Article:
Way Huge Green Rhino Overdrive MKII

By Scott Auld

I never used the original Way Huge guitar effects that were underground favorites in the 1990s. I heard about them after the company closed shop, and by then I was interested in very-small-shop builds. When I learned that Dunlop Electronics had brought Way Huge back to life, I thought it was a great idea but I didn’t really set out to try the effects, assuming that they had nothing for me. What a mistake!

Dunlop sent us a Way Huge Green Rhino MKII overdrive pedal to look at. Expecting yet-another-overdrive pedal, my preconceptions were immediately set aside when I saw the control layout – in addition to the expected VOLUME/TONE/DRIVE knobs were two very small adjustment trimmers poking up through the enclosure. “What are these?” I thought. One is labeled “CURVE” and one is labeled “100HZ”. Hmm, this isn’t starting out as run-of-the-mill at all.

I plugged in and powered on the pedal – and was met with a very bright blue LED indicator – and started playing around. I set the TONE and DRIVE around the middle and started playing some leads, and was very pleased that the tone was not fizzy at all, the attack and decay of each note was preserved, but were warmed up and driven into a very nice warm OD. Boosting the DRIVE sent the tone into a great pushed-tubes feel, and I never felt like I needed to turn down the TONE knob too much, like some pedals force you to. The Green Rhino is not so bright that you feel like it’s going to burst your eardrum – no, this pedal is nice and warm in all the right places. And by the way, the knobs felt very sturdy, not cheap at all.

I started playing around with the little trimmers poking up through the strong anodized aluminum enclosure. The 100Hz control allows you to cut or boost that frequency by 12dB – essentially, this is a bass-boost or a bass-cut knob. I found that I really like the way the pedal sounds with this control halfway up or more – it was a real tone fattener. Dialing it back did seem to allow for a more direct, cut-through-the-mix sound though. I can see how handy this control will be, allowing you to tailor your sound for the band situation you find yourself in.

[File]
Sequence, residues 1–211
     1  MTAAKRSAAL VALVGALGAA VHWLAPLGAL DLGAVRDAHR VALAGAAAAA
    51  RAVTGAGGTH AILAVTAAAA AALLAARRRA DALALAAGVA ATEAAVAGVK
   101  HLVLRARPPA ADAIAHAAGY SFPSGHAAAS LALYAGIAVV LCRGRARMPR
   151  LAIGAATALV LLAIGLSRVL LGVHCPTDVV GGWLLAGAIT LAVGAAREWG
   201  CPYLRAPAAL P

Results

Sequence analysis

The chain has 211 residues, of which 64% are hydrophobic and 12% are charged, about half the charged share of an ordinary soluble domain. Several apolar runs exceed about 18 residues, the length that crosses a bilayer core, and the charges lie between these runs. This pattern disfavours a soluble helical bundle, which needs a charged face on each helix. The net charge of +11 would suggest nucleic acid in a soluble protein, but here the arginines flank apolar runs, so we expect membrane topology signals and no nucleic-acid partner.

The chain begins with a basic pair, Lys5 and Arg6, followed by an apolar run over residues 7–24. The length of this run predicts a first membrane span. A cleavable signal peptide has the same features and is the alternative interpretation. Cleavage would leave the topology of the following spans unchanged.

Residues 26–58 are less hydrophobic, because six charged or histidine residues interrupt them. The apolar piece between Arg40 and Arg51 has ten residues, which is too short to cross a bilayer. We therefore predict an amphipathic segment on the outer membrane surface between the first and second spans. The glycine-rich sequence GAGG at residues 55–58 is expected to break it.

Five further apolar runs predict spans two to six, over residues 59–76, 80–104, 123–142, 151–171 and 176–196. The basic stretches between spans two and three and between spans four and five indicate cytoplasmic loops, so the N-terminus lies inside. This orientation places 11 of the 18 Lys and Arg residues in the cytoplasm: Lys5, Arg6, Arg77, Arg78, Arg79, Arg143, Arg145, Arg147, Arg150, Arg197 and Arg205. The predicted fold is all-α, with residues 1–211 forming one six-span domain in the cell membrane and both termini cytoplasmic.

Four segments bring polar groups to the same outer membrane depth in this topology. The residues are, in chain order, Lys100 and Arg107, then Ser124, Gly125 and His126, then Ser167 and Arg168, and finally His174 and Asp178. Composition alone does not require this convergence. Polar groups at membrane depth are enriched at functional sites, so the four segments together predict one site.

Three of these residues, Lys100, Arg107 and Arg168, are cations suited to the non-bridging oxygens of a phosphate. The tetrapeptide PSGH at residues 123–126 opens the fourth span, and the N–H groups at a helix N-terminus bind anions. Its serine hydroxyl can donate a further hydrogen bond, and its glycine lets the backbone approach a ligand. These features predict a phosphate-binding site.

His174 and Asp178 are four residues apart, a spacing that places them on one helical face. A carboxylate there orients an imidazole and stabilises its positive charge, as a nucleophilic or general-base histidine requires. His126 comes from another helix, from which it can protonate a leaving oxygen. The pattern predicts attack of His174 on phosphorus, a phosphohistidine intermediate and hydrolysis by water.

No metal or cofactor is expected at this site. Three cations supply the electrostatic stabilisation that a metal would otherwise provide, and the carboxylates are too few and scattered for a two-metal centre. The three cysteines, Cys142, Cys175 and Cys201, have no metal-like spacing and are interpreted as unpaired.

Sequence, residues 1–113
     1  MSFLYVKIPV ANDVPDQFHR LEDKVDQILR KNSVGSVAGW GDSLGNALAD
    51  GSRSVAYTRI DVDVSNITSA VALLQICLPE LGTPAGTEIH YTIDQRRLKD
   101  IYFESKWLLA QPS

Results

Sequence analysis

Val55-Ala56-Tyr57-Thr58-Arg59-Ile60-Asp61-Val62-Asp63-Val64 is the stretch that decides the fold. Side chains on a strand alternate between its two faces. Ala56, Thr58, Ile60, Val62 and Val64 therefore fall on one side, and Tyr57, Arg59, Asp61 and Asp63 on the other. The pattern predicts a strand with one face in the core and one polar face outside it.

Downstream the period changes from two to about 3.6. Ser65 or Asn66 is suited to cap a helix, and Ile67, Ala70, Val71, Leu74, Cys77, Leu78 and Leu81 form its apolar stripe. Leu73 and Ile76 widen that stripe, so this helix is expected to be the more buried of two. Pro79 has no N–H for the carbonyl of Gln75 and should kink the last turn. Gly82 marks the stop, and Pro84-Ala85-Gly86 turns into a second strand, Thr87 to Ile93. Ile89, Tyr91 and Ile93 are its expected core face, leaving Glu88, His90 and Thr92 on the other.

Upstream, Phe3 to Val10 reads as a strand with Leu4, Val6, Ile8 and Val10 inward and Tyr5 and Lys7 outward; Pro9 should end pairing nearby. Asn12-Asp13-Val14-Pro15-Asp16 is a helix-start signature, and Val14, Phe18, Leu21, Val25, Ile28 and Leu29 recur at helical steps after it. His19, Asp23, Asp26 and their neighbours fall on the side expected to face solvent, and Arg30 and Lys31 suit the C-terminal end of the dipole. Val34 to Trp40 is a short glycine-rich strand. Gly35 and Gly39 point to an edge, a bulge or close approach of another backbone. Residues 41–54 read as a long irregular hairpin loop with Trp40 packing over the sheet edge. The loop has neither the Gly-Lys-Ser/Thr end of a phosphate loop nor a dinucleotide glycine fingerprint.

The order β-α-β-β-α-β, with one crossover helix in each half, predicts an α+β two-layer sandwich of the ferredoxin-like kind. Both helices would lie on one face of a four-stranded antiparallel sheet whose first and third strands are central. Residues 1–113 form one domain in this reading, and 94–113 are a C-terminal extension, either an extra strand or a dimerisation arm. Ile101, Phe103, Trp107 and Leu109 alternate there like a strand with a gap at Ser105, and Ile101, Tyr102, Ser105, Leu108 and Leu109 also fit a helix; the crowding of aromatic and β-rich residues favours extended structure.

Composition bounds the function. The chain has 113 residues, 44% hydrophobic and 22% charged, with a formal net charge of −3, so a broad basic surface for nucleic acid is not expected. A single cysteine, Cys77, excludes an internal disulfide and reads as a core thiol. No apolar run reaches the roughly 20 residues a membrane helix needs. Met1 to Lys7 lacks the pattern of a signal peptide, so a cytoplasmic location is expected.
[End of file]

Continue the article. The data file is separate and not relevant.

I felt like my Gibson Les Paul R8’s already stellar sustain was magnified with the Green Rhino MXII on. Leads just sang out and notes near the middle of the guitar’s range had a nice clear punch – I suppose this isn’t a surprise in a green-colored OD pedal, but that punch did not come at the expense of clarity.
I ended up using the pedal with the VOLUME up and the GAIN down a bit – this seemed to allow the pedal and the amp (a Top Hat Super Deluxe) to work well together. The Green Rhino seemed to pull a lot of great creamy natural distortion out of the amp.

I found that the CURVE control is deceptively subtle. I interpreted the documentation (“fine-tune the corner frequencies of your tone”) to mean that the CURVE control is meant to shape the knee in the response curve, to help remove harshness and brittleness from brighter setups. Obviously, a Les Paul into a Top Hat is not exactly the most brittle setup to begin with. I did play a friend’s American Standard Tele through the Rhino, into an Orange 30 watt amp and found the CURVE to have more impact to the higher frequencies and harmonics. So keep in mind that the effect of the CURVE control is dependent on how hot your rig runs. If you run a bright setup then this control will be very, very handy.

I started out my time with the Green Rhino as a fairly detached participant – I went into the experience almost bored with overdrives before I started. What Dunlop managed to do was make an OD pedal exciting to use, and I ended up dreading the day I had to ship it out.